Capacitor Units Save Money on Your Electric Bill!
How does it work?
When a motor in your home starts, it asks your utility company's transformer for power. The demand of electricity from your motor runs through the wiring in your home to the panel box traveling to your meter, finally reaching its destination of the transformer and back down to your home again. Throughout this process, the lines/wiring heats up and strains the motor and wiring. The heat generated is called watts.
During a normal electrical process there is lost energy that you are being billed for by your utility company, but are not able to use. The capacitor stores (otherwise lost energy/watts) and releases energy to your motor when needed to function properly. This reduces the amount of heat on the wires and the motors in your home or business. Reducing this heat will lower your electricity bill and increase the life of your motors.
Inductive Motors are in your refrigerator, freezer, washer, dryer, ceiling fans, elevators, air conditioning units, etc. If you use the old T-12 Fluorescent Lighting, the ballast is also an inductive load. Anything with a copper winding that creates an electromagnetic field is an inductive load, just like your inverter that turns DC current into AC current. Using methods from large industrial complexes, capacitor reclaims wasted energy and recycles electrical energy. It protects against power surges and increases the capacity to your electrical panel by causing it to run cooler. By doing so, this saves you money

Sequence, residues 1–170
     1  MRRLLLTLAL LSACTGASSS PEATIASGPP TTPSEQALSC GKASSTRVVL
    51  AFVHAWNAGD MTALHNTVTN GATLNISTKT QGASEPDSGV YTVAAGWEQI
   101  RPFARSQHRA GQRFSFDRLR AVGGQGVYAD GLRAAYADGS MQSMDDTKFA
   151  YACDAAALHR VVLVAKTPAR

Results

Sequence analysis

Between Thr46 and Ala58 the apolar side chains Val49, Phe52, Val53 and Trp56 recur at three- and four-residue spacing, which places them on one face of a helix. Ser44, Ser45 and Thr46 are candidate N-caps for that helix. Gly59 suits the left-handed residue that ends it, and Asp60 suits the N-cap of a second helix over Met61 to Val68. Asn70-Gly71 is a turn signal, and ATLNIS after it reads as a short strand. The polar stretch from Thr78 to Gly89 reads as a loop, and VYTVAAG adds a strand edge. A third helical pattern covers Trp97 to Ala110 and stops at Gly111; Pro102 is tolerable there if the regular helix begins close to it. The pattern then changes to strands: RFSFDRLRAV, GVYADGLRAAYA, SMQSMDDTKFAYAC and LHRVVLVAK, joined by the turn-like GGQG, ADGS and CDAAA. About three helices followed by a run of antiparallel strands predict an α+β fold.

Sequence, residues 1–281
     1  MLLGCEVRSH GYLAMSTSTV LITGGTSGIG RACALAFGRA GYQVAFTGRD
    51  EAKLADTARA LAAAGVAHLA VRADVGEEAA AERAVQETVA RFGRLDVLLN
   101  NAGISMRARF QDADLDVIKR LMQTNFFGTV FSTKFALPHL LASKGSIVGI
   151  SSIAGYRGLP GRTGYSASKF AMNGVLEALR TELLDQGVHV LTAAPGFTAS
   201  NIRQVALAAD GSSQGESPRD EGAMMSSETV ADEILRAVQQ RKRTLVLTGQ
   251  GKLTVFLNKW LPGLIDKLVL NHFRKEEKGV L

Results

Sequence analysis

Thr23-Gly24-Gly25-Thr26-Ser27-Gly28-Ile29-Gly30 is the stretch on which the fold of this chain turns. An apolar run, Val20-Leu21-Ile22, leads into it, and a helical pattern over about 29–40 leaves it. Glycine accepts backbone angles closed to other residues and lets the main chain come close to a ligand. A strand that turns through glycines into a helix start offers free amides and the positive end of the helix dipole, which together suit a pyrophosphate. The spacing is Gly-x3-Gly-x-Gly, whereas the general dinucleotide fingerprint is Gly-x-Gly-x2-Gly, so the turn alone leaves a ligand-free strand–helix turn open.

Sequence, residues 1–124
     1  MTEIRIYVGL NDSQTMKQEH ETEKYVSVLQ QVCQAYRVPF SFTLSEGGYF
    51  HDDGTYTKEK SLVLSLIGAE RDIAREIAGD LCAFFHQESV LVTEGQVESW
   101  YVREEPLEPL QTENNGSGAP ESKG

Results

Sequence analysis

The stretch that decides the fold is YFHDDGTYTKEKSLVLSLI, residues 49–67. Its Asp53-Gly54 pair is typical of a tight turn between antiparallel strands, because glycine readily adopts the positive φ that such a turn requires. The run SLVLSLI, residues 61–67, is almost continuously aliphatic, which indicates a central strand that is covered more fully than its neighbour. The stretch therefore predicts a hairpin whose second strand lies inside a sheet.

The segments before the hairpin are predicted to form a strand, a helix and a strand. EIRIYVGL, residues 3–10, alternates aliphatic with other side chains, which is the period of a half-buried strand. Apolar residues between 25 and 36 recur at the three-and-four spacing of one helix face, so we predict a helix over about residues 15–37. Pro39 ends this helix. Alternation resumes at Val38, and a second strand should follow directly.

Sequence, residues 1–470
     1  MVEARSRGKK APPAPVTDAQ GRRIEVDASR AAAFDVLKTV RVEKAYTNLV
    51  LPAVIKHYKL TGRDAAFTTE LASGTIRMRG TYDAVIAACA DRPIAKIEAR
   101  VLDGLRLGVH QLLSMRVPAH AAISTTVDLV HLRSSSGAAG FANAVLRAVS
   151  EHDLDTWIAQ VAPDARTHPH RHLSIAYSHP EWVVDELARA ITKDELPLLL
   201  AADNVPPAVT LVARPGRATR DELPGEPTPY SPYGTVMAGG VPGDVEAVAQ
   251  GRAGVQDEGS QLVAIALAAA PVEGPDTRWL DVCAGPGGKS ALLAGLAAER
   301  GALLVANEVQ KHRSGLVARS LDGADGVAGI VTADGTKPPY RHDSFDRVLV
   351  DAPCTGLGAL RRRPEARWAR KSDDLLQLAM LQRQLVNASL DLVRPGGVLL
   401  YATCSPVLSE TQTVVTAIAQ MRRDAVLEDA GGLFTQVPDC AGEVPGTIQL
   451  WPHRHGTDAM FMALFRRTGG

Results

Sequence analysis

"Over 16 Billion Dollars of Electricity is unusable energy, but billable in the U.S." US Department of Energy
How We Know it Works?
It is an inductive load for your power company, just like the motors in your home (A/C, refrigerators, etc.), this is your power company's inductive loads, and these are the capacitors your power company uses to correct their power factors. When you correct the power factor, it reduces demand. The electric meter that your electric company reads is a demand meter. With the proper use of capacitors you can reduce demand and legally slow down your meter; your electric company has been using this very same technology for 70+ years to correct their power factors. Now why would your power company spend tens of thousands of dollars on a capacitor bank to correct their power factor if it doesn't work?
It Does Work!
If you look around your neighborhood on the power poles, for about every 50 transformers, you will notice 1 of these banks of capacitors correcting the power factors of the transformers in your neighborhood.
How Many Capacitors Do I Need?
Usually a home needs 1 unit; for a business, it depends on the amount of panels -- capacitors work up to 200, 400, 600, 800, and 1000 amps. If you are unsure, check your panel box. If your main breaker is 200 amps or less, you will need only 1 unit.
Electric power has two components:
Total power is measured in KVA (1000 Volts-Amperes). The ratio of working power to total power is called Power Factor. The function of Power Factor Correction Capacitors is to increase the power factor by supplying the reactive power when installed at or near inductive electrical equipment.
How Capacitors Save Money
Capacitors lower electrical costs two ways